Friday, February 26, 2016

Reaching High for Heroes

Loosely-related anecdote: I was watching the Kennedy Center honors performances in honor of Sting on You Tube the other day and Lady Gaga performed one of my favorite tunes from the man: "If I Ever Lose My Faith in You." The only way I can sum up her performance is to say that it was embarrassing. Talk about a performance with absolutely no sense of restraint or style. This was all capped with her ridiculous idea to keep screaming, all through the chorus, "It stings..." (oh, that's clever) while reaching so hard with her eyes and upper body toward Sting in the upper balcony that I thought she was going to fall into the tuxedoed laps in the front row. Deperate and chaotically loud is no way to go through life.

Be that as it may, Sting has always been one of my musical, lyrical and artistic role models since my teenaged years. (I think, i ntime, his lyrics, at least, will survive.) It all got me to thinking about the role models we pick and it got me wondering why some people reach high and some reach low for their role models.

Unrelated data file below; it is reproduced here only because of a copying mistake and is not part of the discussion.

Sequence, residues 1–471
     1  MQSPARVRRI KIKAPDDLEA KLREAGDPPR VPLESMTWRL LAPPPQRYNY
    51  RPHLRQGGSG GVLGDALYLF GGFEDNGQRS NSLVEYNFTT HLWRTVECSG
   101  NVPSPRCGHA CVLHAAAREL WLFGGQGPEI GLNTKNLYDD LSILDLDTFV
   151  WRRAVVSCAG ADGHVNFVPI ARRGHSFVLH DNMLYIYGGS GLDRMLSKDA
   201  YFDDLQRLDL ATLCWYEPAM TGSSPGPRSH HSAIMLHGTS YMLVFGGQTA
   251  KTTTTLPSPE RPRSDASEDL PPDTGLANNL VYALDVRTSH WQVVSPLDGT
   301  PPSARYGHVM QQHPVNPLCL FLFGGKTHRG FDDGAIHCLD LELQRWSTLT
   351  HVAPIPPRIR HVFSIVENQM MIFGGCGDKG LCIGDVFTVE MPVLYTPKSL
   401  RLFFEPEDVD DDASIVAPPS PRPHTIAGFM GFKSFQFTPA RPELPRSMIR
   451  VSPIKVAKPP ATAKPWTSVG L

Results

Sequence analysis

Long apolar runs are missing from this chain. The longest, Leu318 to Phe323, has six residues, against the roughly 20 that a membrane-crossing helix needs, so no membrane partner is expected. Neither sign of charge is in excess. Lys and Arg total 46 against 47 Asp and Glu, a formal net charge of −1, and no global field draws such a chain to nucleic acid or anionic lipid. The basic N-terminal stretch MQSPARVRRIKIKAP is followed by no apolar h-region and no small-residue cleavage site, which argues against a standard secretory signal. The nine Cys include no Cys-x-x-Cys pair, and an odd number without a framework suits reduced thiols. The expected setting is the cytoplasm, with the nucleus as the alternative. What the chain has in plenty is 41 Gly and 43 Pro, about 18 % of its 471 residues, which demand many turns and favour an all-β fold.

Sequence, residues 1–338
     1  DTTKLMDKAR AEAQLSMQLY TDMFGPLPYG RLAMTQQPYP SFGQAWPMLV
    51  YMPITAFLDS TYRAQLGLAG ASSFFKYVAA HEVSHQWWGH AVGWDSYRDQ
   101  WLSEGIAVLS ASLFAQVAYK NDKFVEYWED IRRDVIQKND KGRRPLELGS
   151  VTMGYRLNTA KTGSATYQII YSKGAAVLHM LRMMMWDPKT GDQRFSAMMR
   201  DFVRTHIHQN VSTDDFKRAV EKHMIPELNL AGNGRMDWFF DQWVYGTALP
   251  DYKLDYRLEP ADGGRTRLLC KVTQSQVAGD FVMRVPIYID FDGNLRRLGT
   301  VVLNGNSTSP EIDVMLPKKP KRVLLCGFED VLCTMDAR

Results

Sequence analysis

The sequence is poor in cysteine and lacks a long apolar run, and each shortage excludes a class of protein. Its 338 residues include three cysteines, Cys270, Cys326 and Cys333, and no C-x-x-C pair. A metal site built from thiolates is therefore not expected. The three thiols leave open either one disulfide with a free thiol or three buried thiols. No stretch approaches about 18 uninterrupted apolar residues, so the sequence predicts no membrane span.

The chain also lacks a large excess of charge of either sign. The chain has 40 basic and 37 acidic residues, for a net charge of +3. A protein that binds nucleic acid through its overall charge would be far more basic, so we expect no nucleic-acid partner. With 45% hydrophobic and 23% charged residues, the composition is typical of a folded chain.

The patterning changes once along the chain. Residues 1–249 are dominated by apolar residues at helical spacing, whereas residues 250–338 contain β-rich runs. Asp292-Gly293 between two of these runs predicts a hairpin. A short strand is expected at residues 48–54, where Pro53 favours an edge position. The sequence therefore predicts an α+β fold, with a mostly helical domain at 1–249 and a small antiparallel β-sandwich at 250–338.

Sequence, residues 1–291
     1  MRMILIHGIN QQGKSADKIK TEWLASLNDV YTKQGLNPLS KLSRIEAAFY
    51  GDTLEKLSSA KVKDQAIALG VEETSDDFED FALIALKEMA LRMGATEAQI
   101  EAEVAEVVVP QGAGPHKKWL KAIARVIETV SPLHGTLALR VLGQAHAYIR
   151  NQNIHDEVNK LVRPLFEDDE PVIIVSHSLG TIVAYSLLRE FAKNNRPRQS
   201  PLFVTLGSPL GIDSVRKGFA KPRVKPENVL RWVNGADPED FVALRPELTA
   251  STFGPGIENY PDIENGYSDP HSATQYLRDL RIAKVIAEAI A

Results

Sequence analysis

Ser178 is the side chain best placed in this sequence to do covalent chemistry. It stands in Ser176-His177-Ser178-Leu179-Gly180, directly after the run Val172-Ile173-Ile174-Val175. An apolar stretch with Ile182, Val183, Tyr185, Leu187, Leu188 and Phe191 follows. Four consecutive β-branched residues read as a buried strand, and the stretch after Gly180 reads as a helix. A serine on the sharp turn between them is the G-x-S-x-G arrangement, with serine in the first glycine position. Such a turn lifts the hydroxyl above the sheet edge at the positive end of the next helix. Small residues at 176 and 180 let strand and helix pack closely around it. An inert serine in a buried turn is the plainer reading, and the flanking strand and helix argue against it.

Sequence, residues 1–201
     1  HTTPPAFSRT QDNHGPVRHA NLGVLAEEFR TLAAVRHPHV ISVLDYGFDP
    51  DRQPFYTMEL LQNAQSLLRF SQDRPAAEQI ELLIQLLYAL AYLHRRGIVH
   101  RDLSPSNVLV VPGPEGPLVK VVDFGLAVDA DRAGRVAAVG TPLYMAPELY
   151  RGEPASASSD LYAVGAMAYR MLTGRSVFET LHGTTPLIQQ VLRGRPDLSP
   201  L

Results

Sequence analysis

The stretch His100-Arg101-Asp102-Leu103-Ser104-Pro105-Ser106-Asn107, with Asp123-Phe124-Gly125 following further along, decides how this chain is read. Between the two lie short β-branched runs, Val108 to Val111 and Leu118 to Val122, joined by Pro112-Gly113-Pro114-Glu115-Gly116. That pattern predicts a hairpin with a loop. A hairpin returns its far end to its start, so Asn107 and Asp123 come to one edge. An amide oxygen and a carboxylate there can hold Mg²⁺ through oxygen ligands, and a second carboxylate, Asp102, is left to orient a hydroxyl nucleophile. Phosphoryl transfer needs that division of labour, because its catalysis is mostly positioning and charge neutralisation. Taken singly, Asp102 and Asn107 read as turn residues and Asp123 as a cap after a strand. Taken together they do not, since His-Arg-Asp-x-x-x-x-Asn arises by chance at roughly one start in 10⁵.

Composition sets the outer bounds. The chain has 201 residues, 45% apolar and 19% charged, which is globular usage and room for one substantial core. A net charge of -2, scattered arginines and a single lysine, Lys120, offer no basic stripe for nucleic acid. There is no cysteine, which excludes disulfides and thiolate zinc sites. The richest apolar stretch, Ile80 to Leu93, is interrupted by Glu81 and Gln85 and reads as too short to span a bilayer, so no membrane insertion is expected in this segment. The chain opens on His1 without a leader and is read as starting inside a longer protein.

In my case, I have always picked "great" people to look up to. My father was my biggest role model, but it can also be argued that he was an exceptional person, not just from my point of view as a son, but from an objective point of view. But we can leave parents out of the discussion...

...because, beyond my dad, it was always people who were the best at what they did that I looked up to. It was never coaches or teachers; it was always artists, poets, musicians of the highest caliber. As a kid, I had posters of both Ted Williams and Shakespeare on my wall (I still have a framed poster of the first folio frontispiece in my living room). The impetus was never to show off or to be pretentious, but to remind myself of how great a person can become at what he does; maybe there was a hope that I could climb three rungs on Shakespeare's ten-thousand rung ladder... However it is read by those on the outside, the sentiment was sincere.

My heroes have always been the standouts in world history.

I am curious as to how that happens; whether it was an accident; how I can encourage my kids to reach toward the greats and not toward the flavor of the day.

One thing I know is that to watch that Lady Gaga's performance of one of the most delicately balanced, lyrically compelling pop songs of all time; watching her turn it into a literal, three minute vomiting of desperate pleas for acceptance sure give us a good scale for separating the wheat from the chaff.

I hope my sons reach as high as I always did. (Which means higher than they are likely to reach.) That's all.

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